Tips for Organizing a Successful Injury Claim
Whether you’ve been involved in a motor vehicle accident or a slip and fall accident, your injury claim will require organization. Proper organization will allow your attorneys and the insurance companies to find all the information they need to make a decision about your case.
Filing a lawsuit can be stressful, especially if you’ve never had to do it before. Thankfully, with an experienced personal injury attorney on your side, you’ll be able to relax and recover while they worry about organizing your files and planning their negotiation strategies.
Almost everyone believes that they’ll never be in a situation like this, that they’ll never have to file a lawsuit—but that’s just not the truth. In fact, the car insurance industry estimates that the average driver will file a claim for a collision once every 17.9 years. That means that in your lifetime, you could experience three to four accidents. While many of these accidents are only small fender benders, you never know when an accident will result in a lawsuit.
Injury Claims Broken Down (Documents You’ll Need to Win Your Case)
Your personal injury attorney will have their own method for creating an effective case file. They will likely keep all of the documentation for your case either in a file folder or a binder. We encourage you to do the same. Make sure that wherever you keep this information, it’s secure. It will contain a lot of sensitive personal and financial material, so you’ll need to keep it safe.
By having a well-organized case file, you’ll be able to have any documentation on hand that you need when speaking to your attorney or insurance adjuster. When you have an organized file, you’ll also know immediately if you’re missing anything important, like a medical bill or statement of lost wages. You’ll be able to identify any gaps within your file, giving you the ability to fill them efficiently.
In this section, you’ll want to keep any copies of letters or notices that have been exchanged between you and the insurance company, the at-fault party, any businesses, and your (or any other involved) attorneys.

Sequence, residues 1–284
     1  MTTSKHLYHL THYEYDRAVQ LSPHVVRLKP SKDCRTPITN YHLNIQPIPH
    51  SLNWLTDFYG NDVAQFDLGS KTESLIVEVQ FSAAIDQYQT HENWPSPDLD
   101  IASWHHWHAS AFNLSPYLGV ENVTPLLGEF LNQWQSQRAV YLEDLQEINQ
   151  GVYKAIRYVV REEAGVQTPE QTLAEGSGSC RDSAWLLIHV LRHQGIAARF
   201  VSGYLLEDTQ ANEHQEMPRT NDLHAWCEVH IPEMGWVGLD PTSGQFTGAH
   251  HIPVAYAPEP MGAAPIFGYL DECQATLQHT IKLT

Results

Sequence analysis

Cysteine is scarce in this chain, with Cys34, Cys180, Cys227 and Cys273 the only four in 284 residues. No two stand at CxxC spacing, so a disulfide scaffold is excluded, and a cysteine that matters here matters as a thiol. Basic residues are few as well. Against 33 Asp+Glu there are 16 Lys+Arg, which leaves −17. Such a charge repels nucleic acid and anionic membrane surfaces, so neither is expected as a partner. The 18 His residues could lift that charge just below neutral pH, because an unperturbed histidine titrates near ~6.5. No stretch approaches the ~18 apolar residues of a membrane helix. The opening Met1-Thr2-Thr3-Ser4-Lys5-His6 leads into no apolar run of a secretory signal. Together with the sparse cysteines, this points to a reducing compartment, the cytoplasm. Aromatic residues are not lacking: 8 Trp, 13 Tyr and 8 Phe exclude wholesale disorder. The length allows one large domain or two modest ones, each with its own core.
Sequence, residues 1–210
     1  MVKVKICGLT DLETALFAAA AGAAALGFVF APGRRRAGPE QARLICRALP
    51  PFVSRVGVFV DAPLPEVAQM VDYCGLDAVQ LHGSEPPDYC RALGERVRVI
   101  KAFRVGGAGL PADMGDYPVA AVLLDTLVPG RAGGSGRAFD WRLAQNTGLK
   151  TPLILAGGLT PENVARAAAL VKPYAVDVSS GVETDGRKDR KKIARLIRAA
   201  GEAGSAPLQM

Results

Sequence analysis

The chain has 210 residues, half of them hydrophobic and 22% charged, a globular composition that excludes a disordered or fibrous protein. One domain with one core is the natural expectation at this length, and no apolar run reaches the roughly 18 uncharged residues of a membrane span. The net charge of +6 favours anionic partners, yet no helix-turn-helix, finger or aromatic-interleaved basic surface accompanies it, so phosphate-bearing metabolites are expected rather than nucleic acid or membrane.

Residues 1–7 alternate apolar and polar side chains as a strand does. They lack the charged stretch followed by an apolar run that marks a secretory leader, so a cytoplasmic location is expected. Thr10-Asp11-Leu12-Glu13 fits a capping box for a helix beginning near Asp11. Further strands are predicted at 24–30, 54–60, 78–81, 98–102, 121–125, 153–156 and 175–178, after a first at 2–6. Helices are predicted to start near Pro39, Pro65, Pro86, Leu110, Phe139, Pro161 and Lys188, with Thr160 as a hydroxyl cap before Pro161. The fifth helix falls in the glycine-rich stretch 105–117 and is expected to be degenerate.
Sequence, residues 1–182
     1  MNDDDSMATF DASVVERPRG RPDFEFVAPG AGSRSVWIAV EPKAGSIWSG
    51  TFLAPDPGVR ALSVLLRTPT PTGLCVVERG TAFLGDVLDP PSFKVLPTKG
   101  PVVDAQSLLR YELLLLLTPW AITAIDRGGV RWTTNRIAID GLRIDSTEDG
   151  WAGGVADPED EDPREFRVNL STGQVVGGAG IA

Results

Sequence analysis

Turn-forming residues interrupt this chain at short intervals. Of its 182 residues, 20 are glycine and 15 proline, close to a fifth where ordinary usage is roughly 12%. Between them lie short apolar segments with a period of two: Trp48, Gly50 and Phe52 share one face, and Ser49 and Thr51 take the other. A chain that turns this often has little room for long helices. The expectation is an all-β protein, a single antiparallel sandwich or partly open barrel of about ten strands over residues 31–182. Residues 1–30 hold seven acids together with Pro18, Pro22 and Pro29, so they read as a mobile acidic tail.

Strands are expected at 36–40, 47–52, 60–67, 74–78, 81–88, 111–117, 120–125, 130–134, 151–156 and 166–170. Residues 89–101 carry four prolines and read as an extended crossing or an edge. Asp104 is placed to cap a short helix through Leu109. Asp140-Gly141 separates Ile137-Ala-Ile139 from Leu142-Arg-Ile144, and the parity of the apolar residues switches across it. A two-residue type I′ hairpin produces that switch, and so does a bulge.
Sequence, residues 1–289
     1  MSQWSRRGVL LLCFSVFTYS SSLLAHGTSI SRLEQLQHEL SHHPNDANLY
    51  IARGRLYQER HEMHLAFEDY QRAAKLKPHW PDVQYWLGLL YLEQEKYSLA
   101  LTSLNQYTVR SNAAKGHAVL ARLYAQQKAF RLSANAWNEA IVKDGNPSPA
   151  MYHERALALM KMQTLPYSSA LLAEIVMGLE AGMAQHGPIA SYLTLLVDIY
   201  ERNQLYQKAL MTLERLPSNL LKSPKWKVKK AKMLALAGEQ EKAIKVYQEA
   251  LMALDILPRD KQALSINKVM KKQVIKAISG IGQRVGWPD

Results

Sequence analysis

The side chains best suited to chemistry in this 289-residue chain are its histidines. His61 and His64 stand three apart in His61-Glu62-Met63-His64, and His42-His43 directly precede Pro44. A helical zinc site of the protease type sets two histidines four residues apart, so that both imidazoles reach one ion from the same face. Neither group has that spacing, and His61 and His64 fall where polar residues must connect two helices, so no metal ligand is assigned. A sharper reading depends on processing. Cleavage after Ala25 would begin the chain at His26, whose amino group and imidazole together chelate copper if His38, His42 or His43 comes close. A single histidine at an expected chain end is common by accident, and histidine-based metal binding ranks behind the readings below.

The correspondence section may include:
- Your demand letter
- Your notification letter to the at-fault party and their insurance company
- A letter of protection that was sent to medical providers
- Rights of reservation letter from the insurance company
- And all other correspondence
Medical Bills and Records
In this section, you’ll want to include all medical bills that you’ve received. That includes bills from the hospital, specialty doctors, primary care doctors, chiropractors, physical therapists, and any other health care provider that you’ve seen in reference to your injuries.
Because the amount that you receive as a settlement or from a trial win is based mostly on your medical debt, it’s important to fill out this section completely.
Don’t forget to include:
- Any bills for dental treatment required because of the accident
- Bills for mental health services
- Prescription medication receipts
- Medical device receipts
- Bills for replacement or renovation services
You’ll also want to make sure you include your medical records, which includes:
- Admitting charts
- Doctor’s notes
- Exam and test results
- Medical narratives
- Orders for further treatment (such as physical therapy or rehab)
- Progress notes from physical therapy or rehab
Whether you have a traumatic brain injury, spinal cord injury, or other life-changing injuries, this section will help to paint a picture of how your injuries have affected your life, how your treatment is going, and more.
In most cases, the only property damage you will incur will be to your vehicle. In this section, you’ll want to include any estimates from body shops and mechanics, towing receipts or bills, and rental car receipts.
If there were any damages to your clothing, eyeglasses, or cell phone, you should include those receipts here as well.
In this section, you’ll want to include the letter from your employer stating how much work you’ve missed, along with documents that verify how much your salary was and how much you’ve lost in wages.
Reports and Witness Statements
Contact information for all of the witnesses and copies of their statements should be kept here. You should also have a copy of your police report (if you were in a car accident) in this section. If you were injured in a slip and fall accident, you can request a copy of the incident report for your injury claim file.
Pictures and Videos
Using good quality paper, you’ll want to print out any pictures you took at the scene of the accident. Make sure to print them in full color so they’re easier to see and understand. On the back of each photograph, write the date, who took the picture, and what the picture shows.
Keep a digital file of all photos and videos you took and share it with your attorney.
A successful injury claim is supported by a lot of notes. Throughout the process, you should keep a notebook documenting how you’re feeling, how your treatment is going, and how your injuries are affecting your life. This part of your file should also include any notes you took the day of the accident, such as a statement that you wrote down for yourself.
How a Personal Injury Attorney Will Help You Keep Your Documents Organized
A personal injury attorney will not only help you organize your file. But they’ll also contact doctors, mechanics, and the police to ensure you have all of the documentation that you need.
A well-organized case file isn’t all you need to win your case. You’ll also need an experienced attorney that knows what they’re doing. At Jones Law Group, our attorneys have years of experience working on different types of personal injury claims. We’re ready to take on yours.